Skip to content

‘Postcode lottery’ in councils’ use of anti-social behaviour powers – new research

In this story

Explore the people, themes, departments and research centres behind this story

Press contact

Jo Beattie

Contact us

For help with a story or to find an expert

Email: pressoffice@shu.ac.uk
Phone: 01142 252811

On social media

 Twitter (press office)
 Twitter (university)
 Facebook
 Instagram
 YouTube

21 June 2021

‘Postcode lottery’ in councils’ use of anti-social behaviour powers – new research

Anti-social behaviour powers are being applied so differently by councils across England and Wales that it is leading to a ‘postcode lottery’, according to two new studies.  

Press contact: Jo Beattie | j.beattie@shu.ac.uk

Looking down a road with rundown housing and boarded up shops on one side

The research, carried out on behalf of the Manifesto Club, found the threshold for using Community Protection Notices (CPNs) varied greatly between different councils and that more than 20 per cent of councils are currently issuing CPNs without a policy to guide their use.

CPNs are powers given to council officials and police officers to impose legal restrictions upon individuals, without going through a court, based only on the judgement that a person’s conduct is having a ‘detrimental effect’ upon others.

The first study looked at how councils apply these powers based on Freedom of Information requests to local authorities across England and Wales. Other findings from the research include:

  • Councils lack formal procedures to guide their use of CPNs. Only 7.9% of councils have a policy in place that specifically deals with CPNs and CPWs. 21.8% of councils are currently issuing CPNs without a policy to guide their use.
  • 70.8% of councils indicated that there is some system of oversight in the issuing of CPNs, most commonly that the CPN is reviewed by a senior officer. However, 15 councils (4.4%) indicated that there is no system of oversight to ensure that CPNs are being used correctly.
  • Councils employed very different thresholds for the issuing of a CPN, with 19.5% using ‘harassment, alarm and distress’, 32.8% allowing officers to judge on a case by case basis. Other councils used much lower thresholds: 3.8% of councils (13 councils) used a ‘negative impact’ on the area as a threshold, and 2.6% of councils (9 councils) issued CPNs when a person’s conduct ‘could encompass annoyance and inconvenience’. The researchers concluded that ‘people undertaking the same behaviours have the potential to be sanctioned differently based on where they live’.
  • Council officers issuing CPNs have varying levels of training. 66% of councils reported some level of training for issuing CPNs, although this varied from a BTEC Level 3 qualification to ‘on the job’ training, or the vaguely defined ‘internal and external training’. 22 councils (6.4%) reported that no specific training is provided, which leaves the interpretation of the legislation to the individual officer.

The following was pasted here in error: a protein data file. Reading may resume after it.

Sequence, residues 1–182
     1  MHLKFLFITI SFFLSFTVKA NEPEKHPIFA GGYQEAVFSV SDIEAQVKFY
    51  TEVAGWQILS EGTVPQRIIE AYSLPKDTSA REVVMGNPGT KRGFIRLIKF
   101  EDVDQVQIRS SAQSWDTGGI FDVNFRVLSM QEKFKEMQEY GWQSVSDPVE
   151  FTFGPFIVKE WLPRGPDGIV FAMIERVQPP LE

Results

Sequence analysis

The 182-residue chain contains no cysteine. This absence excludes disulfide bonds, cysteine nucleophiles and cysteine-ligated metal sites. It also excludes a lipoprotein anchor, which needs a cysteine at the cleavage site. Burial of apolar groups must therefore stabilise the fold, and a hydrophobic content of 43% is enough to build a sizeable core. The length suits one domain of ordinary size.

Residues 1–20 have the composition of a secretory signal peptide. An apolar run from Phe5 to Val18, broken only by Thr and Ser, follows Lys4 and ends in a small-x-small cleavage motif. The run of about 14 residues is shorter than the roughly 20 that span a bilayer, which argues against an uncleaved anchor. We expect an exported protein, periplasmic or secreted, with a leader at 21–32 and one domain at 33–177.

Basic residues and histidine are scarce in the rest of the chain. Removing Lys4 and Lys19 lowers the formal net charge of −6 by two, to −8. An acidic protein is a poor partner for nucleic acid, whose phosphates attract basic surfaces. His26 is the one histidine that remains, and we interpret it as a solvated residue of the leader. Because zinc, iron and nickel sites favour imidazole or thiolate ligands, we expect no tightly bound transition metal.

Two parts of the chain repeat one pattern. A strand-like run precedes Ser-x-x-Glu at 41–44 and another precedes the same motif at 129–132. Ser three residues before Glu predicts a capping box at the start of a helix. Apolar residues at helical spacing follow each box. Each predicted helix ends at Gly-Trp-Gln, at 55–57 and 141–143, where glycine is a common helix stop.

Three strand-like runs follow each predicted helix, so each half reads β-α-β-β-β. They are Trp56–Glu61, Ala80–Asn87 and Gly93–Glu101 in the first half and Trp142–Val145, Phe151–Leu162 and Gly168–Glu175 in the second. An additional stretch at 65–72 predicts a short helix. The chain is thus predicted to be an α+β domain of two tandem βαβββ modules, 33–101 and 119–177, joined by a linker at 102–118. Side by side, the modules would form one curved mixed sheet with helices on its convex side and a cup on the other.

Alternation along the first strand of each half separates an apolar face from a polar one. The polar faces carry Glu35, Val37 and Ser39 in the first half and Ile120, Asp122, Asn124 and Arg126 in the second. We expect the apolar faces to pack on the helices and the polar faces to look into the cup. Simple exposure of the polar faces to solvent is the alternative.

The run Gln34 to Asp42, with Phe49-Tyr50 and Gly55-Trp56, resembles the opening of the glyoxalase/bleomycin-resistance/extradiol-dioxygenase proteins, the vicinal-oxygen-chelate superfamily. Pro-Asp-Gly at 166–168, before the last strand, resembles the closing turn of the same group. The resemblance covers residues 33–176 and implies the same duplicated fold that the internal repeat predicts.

• The report concludes that ‘there is a postcode lottery’ of CPN practices currently being undertaken, and that flexibility ‘should not be at the expense of standardised processes to ensure these sanctions are being applied fairly across England and Wales’.

 

A second study looking at the experience of recipients of CPNs based on in depth interviews has also been published. This study found:

  • Two thirds of interviewees detailed difficulties when attempting to communicate with the issuing authority to discuss the contents of the notice.
  • CPN recipients were often unaware of the evidence of their perceived anti-social behaviour and said that no evidence was provided when they were issued with their notice.
  • CPN recipients felt that not enough time was given to take the necessary action required in the notice.
  • Interviewees also detail difficulties of appealing the notices in court.
  • Some CPN recipients said that it was difficult for them to comply with the imposed conditions of the order.

 

Dr Vicky Heap, reader in Criminology at Sheffield Hallam University, said: “Despite being available to authorising bodies since 2014, there is very little evidence about how Community Protection Notices are utilised and consequently experienced by recipients.

“Our research begins to address this gap in understanding by exploring both the issuing process and perceptions of recipients. We uncovered great variations in issuing practices, which could lead to an uneven application of the powers across England and Wales.

“Furthermore, our work with recipients highlights the need for greater procedural safeguards to reduce disproportionality and bolster due process. Ultimately, our findings suggest that more extensive research is required to better understand the use and impact of these coercive powers.”

 

In this story

Explore the people, themes, departments and research centres behind this story

Press contact

Jo Beattie

Contact us

For help with a story or to find an expert

Email: pressoffice@shu.ac.uk
Phone: 01142 252811

On social media

 Twitter (press office)
 Twitter (university)
 Facebook
 Instagram
 YouTube

Share this page